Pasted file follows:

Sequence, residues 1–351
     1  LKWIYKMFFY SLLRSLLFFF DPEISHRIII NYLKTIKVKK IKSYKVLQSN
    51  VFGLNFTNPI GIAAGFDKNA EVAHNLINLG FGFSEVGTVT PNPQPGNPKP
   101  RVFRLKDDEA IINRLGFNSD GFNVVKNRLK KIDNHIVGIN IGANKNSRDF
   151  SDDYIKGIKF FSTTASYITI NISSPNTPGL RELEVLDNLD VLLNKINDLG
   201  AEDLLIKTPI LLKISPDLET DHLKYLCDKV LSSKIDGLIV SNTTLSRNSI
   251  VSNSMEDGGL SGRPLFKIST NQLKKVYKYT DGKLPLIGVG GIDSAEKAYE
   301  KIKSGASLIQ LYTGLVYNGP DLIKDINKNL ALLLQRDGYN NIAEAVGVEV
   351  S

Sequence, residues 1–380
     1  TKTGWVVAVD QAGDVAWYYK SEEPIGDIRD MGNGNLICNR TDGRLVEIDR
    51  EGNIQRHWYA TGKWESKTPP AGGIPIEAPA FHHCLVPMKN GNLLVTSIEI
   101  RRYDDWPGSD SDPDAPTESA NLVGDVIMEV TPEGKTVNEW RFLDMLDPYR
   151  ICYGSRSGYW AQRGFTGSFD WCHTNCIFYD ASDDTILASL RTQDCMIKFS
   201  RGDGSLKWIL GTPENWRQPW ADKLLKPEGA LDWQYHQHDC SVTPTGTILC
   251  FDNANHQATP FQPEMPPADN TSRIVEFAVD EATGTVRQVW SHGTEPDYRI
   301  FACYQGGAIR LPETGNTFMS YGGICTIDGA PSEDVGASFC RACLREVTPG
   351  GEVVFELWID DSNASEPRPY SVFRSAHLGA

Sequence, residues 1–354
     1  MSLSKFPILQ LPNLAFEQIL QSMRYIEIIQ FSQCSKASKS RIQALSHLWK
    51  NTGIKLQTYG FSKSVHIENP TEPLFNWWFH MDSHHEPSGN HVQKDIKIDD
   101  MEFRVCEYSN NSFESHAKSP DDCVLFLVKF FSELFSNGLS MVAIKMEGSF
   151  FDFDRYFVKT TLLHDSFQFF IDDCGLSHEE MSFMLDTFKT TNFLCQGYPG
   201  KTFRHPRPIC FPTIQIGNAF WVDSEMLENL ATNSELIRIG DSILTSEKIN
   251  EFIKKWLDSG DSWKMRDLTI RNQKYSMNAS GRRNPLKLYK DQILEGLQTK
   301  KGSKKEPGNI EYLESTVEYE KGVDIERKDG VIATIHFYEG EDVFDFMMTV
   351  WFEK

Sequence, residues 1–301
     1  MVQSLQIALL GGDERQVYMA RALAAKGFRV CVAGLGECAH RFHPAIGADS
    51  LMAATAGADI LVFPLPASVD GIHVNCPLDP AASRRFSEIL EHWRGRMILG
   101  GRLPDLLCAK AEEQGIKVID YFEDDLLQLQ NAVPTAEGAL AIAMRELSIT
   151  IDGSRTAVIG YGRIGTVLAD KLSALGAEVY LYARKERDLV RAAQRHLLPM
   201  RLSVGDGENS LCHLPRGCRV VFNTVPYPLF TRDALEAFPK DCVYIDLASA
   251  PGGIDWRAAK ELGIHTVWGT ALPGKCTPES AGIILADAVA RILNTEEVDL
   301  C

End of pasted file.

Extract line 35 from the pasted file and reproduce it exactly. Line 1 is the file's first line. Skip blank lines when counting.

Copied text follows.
   301  C